ElderCarelink Blog

Elders, Alzheimer’s and the holidays

by Carol Bursack
December 21st, 2011 at 10:19 am

Most caregivers want to give their loved ones the very best holiday possible. We tell ourselves that whether or not the care receiver can actively participate in the festivities, they should be included in the fun. I’ve seen wonderful events in private homes, assisted livings center and nursing homes, where delighted elders help caregivers decorate trees, wrap gifts, bake and do many other traditional tasks in preparation for celebrations.

However, if the person has Alzheimer’s or another type of dementia, what you intended to be a joyful celebration can in reality be a frustrating and confusion to the elder.

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New ways to slow Alzheimer’s progression?

by Carol Bursack
December 16th, 2011 at 10:52 am

There are, as yet, no medications that can prevent or cure Alzheimer’s disease. Some people do quite well with current drugs that may help slow cognitive decline, but others do not respond well, or they have negative side effects. However, there’s some good news. Science Daily recently covered a study that found mental and spiritual exercises could significantly slow cognitive decline in people with Alzheimer’s disease, without any negative side effects.

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B12, Alzheimer’s, and the symptoms of aging

by Carol Bursack
December 8th, 2011 at 1:01 pm

Decades ago, my grandmother received monthly vitamin B12 shots from the home health nurse. It was common knowledge, even then, that as people age they don’t absorb vitamin B12 well. Low B12 levels can cause pernicious anemia, which was my grandmother’s problem. However, low B12 levels can cause many other illnesses, as well.

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Tennessee basketball coach Pat Summitt launches Alzheimer’s foundation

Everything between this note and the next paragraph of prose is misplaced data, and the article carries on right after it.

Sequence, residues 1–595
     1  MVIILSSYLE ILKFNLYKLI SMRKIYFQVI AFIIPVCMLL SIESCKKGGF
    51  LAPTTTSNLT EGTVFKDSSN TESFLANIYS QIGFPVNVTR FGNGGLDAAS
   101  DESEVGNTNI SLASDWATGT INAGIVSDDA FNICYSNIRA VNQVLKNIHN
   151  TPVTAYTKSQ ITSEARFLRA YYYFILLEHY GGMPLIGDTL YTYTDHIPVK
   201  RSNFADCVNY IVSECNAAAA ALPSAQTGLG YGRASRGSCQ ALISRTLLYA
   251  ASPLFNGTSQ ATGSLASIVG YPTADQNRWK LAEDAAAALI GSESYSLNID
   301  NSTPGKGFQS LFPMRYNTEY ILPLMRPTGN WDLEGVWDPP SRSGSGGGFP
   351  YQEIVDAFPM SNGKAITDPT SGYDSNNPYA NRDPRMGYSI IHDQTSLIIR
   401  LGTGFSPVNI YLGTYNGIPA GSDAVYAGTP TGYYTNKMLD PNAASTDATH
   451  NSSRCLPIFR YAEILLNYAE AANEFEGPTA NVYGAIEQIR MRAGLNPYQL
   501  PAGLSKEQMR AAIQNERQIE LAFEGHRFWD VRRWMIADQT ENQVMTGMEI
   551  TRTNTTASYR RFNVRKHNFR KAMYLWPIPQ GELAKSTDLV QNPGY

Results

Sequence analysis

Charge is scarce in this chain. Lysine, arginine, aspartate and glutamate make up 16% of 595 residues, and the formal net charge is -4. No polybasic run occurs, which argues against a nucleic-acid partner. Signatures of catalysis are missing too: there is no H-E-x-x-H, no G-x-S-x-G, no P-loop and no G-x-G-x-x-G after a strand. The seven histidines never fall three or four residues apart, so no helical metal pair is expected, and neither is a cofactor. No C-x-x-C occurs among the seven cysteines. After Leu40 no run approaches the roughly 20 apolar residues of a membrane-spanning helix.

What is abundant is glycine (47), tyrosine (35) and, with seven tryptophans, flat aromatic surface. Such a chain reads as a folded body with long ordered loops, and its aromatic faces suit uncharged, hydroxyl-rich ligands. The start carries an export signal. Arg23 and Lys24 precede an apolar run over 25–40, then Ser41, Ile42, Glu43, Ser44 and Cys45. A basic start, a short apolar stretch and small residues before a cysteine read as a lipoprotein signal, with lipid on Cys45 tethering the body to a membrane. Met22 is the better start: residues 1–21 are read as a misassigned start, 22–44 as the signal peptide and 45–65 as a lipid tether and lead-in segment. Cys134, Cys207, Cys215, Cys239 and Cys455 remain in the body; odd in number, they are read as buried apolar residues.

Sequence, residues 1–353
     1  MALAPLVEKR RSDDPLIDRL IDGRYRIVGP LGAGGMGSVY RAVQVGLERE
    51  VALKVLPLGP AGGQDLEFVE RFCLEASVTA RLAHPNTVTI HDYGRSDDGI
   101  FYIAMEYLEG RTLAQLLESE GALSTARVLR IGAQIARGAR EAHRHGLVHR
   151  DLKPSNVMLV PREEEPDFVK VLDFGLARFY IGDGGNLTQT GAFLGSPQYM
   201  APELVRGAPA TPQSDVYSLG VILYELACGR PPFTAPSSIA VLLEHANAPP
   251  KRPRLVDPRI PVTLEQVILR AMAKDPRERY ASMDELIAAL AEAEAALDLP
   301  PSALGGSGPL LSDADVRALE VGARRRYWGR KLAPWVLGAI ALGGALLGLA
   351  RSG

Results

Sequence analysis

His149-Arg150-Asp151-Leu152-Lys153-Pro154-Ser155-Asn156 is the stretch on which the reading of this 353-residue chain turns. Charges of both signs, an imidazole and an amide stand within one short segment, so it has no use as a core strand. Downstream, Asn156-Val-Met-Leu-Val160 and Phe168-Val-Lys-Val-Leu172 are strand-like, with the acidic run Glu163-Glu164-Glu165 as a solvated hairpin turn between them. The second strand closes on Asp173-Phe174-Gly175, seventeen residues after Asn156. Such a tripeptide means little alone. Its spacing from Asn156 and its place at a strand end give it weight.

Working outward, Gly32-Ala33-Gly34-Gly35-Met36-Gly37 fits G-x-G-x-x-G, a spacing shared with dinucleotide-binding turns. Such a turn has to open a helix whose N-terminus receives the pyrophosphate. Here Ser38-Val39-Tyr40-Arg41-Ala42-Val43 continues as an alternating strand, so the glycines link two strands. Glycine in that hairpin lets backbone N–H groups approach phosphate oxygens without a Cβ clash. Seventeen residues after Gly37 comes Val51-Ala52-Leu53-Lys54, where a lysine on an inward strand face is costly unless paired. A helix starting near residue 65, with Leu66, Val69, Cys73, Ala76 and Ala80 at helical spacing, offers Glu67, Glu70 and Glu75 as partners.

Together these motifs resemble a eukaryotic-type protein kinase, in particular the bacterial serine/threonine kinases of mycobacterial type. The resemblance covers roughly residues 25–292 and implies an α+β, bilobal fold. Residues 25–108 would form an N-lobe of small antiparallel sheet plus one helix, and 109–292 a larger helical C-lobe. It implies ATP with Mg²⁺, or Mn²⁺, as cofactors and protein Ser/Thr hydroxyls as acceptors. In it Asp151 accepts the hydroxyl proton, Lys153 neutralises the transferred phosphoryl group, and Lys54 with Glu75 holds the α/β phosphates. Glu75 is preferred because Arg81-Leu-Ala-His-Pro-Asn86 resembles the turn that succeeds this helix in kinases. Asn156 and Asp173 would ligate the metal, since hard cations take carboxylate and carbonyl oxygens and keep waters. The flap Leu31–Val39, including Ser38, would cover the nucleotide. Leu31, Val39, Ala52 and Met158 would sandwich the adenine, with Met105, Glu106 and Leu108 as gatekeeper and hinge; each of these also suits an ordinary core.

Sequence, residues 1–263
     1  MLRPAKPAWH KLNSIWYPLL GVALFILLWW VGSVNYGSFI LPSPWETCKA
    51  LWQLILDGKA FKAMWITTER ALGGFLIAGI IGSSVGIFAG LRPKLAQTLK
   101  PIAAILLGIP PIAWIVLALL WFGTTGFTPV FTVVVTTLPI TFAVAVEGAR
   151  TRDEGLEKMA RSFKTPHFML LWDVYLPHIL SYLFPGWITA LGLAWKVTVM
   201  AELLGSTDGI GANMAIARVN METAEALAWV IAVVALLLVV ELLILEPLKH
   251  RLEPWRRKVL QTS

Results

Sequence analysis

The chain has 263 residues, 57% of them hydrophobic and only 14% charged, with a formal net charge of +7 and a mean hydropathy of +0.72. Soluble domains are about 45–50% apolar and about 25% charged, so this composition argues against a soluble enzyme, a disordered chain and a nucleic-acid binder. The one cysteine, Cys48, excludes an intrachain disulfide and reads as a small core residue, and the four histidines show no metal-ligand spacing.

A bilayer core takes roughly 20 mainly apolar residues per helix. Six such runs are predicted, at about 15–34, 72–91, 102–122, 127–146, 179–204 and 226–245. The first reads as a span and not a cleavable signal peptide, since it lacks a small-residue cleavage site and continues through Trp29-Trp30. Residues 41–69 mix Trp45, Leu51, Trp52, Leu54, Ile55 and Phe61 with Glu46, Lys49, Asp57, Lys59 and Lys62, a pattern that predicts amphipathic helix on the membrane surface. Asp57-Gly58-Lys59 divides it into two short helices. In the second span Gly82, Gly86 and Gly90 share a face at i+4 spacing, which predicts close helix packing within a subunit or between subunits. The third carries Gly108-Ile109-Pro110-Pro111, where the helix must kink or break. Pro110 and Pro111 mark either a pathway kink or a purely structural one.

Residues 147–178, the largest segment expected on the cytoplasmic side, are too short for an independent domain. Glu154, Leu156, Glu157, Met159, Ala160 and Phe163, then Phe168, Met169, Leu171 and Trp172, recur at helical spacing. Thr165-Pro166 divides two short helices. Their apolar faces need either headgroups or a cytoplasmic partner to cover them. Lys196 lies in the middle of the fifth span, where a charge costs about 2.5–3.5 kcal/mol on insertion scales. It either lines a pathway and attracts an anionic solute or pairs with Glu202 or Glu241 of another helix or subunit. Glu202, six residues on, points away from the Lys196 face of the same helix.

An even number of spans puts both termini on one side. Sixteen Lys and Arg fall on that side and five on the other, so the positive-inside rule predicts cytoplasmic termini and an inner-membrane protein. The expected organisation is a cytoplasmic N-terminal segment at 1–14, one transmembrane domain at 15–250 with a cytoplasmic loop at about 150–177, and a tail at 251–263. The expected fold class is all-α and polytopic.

by Carol Bursack
November 29th, 2011 at 10:35 am

Hall of Fame basketball coach Pat Summitt has found a way to put the perfect spin on National Alzheimer’s Awareness Month. She, along with her son Tyler, has created a foundation that will provide grants to nonprofit organizations that research Alzheimer’s. In August, Summitt was diagnosed with early onset dementia of the Alzheimer’s type. Summitt has vowed to continue coaching, both because she wants to keep doing what she loves, and because she is passionate about demonstrating to others that life isn’t over when a dementia diagnosis is received.

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Alzheimer’s and humor therapy: laughter as medicine

by Carol Bursack
November 22nd, 2011 at 2:12 pm

Although Norman Cousins made a case for laughter being the best medicine, there hasn’t been a lot of research published on how humor can affect a person with Alzheimer’s disease. A recent study brings us the welcome news that using humor to interact with our elders may improve their health. The study–conducted in Australia–found that “humor therapy” appears as effective as psychiatric drugs for people with Alzheimer’s disease.

The study revealed that nursing home residents who participated in two-hour “clowning-sessions,” which included mime, music and more, displayed a reduction in verbally and physically aggressive behavior. Even more surprising is this drop in agitated behavior lasted for over three months after humor therapy ended.

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